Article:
Due to the forecast for high temperatures this week, the Robb Center, 30 Whittier Court, will be open with extended hours to anyone looking to seek relief from the high temperatures and humidity levels on Wednesday, July 20th and Thursday, July 21st. A movie will be shown on Wednesday and Thursday evening at 6:00 PM. Additional days or hours may be added based on community need.
In addition to the Robb Center, relief from the heat can be found in the following Andover locations:
Memorial Hall Library is open from 9:00 AM to 9:00 PM Monday through Thursday, 9:00 AM to 5:00 PM Friday and Saturday, and 9:00 AM to 5:00 PM on Sunday.
Pomps Pond (147 Abbot Street) is open Monday – Friday 12:00 PM – 7:00 PM and Saturday and Sunday 10:00 AM – 6:00 PM. The daily rate for Andover residents at Pomps Pond is $5 per person Monday through Friday and $10 per person on Saturday and Sunday.
Extreme Heat Safety Tips
Types and Signs of Heat Related Illnesses
During extreme heat, people are susceptible to heat-related illnesses. Learn how to recognize and respond to them:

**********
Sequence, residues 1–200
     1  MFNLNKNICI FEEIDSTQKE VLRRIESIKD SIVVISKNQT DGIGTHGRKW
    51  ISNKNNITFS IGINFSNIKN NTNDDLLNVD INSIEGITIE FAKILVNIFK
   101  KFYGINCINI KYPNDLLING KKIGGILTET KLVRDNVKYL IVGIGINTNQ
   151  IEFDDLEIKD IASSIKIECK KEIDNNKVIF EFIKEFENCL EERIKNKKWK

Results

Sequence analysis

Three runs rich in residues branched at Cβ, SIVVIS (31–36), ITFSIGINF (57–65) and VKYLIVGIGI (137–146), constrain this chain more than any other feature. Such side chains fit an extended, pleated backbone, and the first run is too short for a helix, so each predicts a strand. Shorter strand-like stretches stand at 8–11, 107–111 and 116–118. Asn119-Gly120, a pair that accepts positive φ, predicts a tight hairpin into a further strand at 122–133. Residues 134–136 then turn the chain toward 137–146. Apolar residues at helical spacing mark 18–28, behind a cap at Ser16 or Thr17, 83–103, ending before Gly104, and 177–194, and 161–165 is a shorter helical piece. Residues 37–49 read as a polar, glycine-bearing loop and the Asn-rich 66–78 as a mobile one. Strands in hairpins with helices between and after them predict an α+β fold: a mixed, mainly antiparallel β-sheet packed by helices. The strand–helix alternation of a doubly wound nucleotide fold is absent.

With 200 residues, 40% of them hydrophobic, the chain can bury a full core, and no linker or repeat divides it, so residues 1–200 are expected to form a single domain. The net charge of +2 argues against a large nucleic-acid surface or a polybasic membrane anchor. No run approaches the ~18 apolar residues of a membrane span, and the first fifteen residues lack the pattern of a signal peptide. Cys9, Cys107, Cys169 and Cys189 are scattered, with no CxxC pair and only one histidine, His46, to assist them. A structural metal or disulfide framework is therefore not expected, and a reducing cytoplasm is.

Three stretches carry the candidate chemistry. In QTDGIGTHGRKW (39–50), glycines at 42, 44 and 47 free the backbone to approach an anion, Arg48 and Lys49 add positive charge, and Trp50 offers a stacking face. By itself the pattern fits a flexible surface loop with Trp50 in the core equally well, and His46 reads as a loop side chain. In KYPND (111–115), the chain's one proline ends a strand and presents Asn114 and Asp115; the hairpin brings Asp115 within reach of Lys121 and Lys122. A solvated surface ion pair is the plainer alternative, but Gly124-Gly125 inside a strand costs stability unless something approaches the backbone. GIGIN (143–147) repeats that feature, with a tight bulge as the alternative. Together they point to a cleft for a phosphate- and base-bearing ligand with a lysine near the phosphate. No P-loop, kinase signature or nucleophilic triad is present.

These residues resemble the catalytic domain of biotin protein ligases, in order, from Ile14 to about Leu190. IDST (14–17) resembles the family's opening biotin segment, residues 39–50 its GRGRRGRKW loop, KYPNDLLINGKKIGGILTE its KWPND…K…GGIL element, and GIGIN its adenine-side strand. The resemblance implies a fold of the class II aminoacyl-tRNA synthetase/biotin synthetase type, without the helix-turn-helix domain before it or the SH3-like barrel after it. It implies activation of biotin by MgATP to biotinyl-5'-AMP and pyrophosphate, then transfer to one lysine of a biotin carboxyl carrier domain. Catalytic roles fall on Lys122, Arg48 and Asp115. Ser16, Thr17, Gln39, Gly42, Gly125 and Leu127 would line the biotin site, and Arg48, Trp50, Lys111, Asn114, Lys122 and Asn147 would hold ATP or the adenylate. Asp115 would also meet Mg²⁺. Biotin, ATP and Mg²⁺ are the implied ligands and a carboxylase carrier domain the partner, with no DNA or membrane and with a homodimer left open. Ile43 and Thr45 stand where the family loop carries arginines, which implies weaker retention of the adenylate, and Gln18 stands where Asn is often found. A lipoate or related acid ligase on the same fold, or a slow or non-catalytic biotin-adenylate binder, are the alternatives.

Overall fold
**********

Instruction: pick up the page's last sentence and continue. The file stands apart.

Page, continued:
Heat cramps are muscular pains and spasms caused by heavy sweating.
Symptoms: Muscular pains and spasms that usually occur in the legs or abdomen
Treatment: Get the person to rest in a comfortable position in a cooler place. Give the person water or fluids with electrolytes help them rehydrate.
Heat exhaustion typically occurs when people overexert themselves in a warm, humid place, and often affects those doing strenuous work in hot weather. Body fluids are lost through heavy sweating and blood flow to the skin increases, causing blood flow to vital organs to decrease. This results in a form of mild shock.
Symptoms: Cool, moist, pale or flushed skin, nausea, dizziness, headache, weakness, and/or exhaustion
Treatment: Get the person to rest in a comfortable position in a cooler place. Remove or loosen tight clothing and apply cool, wet cloths, such as towels or sheets. If the person is conscious, give them half a glass of cool water or fluids with electrolytes every 15 minutes, making sure the person drinks slowly. Watch the person carefully for changes in his or her condition and call 9-1-1 if it doesn’t improve.
Heat stroke is the most serious heat emergency and is life-threatening. Heat stroke develops when systems in the body begin to stop functioning due to extreme heat. Heat stroke may cause brain damage or death if the body is not cooled quickly.
Symptoms: Extremely high body temperature, hot and red skin (dry or moist), loss of consciousness, changes in level of responsiveness rapid and weak pulse, rapid and shallow breathing, vomiting, confusion, and/or seizures
Treatment: A person suffering from heat stroke needs immediate assistance. Call 9-1-1 and move the person to a cooler place. Immerse the individual in a cool bath, wrap in cold wet sheets, or cover the person in bags of ice.
For more information on heat-related illnesses and graphics, see https://www.cdc.gov/disasters/extremeheat/warning.html